What is the Definition of Employee Engagement? What is Employee Well-being?
Employee Engagement is an emotional state where we feel passionate, energetic, and committed toward our work. We fully invest our best selves in the work that we do. We bring both our emotions and our actions to our work— our hearts, spirits, minds, and hands. Employee Engagement is our “reward” for creating a superlative Employee Experience.
Often, when we talk about Employee Engagement, we are confusing it with Employee Well-being. We think it is about employees “feeling good,” “being happy,” or being well.” Employee Well-being is about how your job affects your overall health and happiness. That is certainly important. But does this cause employees to act?
Employee Engagement involves both feeling and doing. We use the analogy of bringing our hearts and spirits to the party. This involves “feeling.” It’s critical—we must “feel engaged.” This is where Employee Well-being comes into play. I both “feel” and “am” well. But Employee Engagement also requires action. This is where the minds and hands are added. I both “feel” and “act” when I am truly engaged.
When it comes to both the Employee Experience and Employee Engagement, most organizations are getting only half of the equation right—they focus on the “feel,” but not on the “act.”
What is the Definition of Employee Satisfaction?
When I am satisfied with something, such as a meal, I don’t necessarily do anything about it. Satisfaction causes me to feel good about that meal, but doesn’t cause me to act. I probably wouldn’t go out and look for places to recommend that meal to others. I may or may not come back. I certainly wouldn’t say I was “delighted.”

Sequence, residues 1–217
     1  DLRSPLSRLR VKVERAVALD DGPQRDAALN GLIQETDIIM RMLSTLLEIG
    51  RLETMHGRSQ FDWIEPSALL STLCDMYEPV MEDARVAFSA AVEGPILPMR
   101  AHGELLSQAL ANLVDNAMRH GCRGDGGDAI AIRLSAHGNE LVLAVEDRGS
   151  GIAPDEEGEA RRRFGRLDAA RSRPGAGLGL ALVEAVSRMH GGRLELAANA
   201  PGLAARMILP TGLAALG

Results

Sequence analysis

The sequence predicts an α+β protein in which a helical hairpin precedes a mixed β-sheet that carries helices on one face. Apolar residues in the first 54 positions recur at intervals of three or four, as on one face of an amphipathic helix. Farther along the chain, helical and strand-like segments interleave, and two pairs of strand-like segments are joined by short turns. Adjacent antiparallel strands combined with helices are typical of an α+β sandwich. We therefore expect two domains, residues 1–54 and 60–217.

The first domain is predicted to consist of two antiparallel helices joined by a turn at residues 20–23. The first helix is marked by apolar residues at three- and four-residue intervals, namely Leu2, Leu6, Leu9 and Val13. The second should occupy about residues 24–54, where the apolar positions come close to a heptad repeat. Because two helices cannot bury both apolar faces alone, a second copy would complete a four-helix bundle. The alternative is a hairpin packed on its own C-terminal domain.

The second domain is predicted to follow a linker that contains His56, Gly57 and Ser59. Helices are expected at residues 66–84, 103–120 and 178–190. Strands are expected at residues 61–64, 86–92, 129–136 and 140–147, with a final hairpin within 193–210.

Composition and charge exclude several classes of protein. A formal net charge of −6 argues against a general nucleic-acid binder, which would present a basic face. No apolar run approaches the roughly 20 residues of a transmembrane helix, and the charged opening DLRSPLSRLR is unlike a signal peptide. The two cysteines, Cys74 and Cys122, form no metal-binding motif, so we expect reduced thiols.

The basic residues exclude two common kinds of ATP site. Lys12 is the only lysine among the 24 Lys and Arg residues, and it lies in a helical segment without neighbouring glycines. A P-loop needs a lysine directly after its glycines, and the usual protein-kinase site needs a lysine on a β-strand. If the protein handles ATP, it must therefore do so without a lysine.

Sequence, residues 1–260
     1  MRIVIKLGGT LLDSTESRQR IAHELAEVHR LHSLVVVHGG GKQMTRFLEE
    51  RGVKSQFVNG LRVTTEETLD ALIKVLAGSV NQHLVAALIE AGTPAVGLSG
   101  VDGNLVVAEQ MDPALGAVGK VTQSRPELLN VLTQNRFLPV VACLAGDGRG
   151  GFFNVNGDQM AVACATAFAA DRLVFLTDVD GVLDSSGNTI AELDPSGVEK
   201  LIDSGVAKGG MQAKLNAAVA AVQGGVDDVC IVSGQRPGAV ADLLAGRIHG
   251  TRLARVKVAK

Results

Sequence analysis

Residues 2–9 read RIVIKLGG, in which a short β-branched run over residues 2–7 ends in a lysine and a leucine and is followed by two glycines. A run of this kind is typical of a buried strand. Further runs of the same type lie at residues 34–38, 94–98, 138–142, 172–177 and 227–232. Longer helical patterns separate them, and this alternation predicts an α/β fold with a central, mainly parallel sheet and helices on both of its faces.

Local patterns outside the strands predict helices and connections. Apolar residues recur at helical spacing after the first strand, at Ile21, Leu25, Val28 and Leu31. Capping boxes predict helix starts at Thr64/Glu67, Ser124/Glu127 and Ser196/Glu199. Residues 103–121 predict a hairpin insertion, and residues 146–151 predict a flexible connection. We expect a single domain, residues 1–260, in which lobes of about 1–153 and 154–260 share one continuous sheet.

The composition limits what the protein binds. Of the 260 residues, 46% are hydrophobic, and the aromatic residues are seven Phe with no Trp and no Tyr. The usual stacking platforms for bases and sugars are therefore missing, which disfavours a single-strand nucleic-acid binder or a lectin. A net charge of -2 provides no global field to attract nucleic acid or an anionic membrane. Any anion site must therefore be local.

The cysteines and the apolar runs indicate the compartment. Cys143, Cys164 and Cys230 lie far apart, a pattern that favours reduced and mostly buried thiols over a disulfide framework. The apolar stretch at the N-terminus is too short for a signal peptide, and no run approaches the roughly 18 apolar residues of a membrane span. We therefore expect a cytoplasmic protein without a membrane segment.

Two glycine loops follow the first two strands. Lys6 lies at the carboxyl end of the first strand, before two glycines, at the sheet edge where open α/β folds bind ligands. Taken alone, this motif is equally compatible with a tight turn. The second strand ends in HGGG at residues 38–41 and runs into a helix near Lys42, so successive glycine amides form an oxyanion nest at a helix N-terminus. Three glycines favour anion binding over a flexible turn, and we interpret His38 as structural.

When we talk about Employee Satisfaction, we are referring to those elements that don’t necessarily cause me to do anything, but are critical to my relationship with the organization. These may include elements such as safety, tools and resources, perks, or even compensation in many cases. These factors don’t motivate me, but if they are not present, I am demotivated. These are much like the Hygiene Factors described by Herzberg.
Employee Satisfaction is transactional. It is a “this-for-that” relationship. Like a bank account, as long as the employer is depositing sufficient funds (compensation, satisfactory workplace, benefits, safety, etc.) into the satisfaction account, the employee is willing to contribute effort commensurate with these deposits. Employee Engagement, on the other hand, is transformational, resulting in employees giving their discretionary effort.
From Organizational Culture to Employee Experience to Employee Engagement
When distinguishing between Organizational Culture, Employee Experience, and Employee Engagement, it may be helpful to think of it this way:
Organizational culture is what we build. Employee Experience is what we interpret and measure about culture. Employee Engagement is what we feel and do because of the Employee Experience.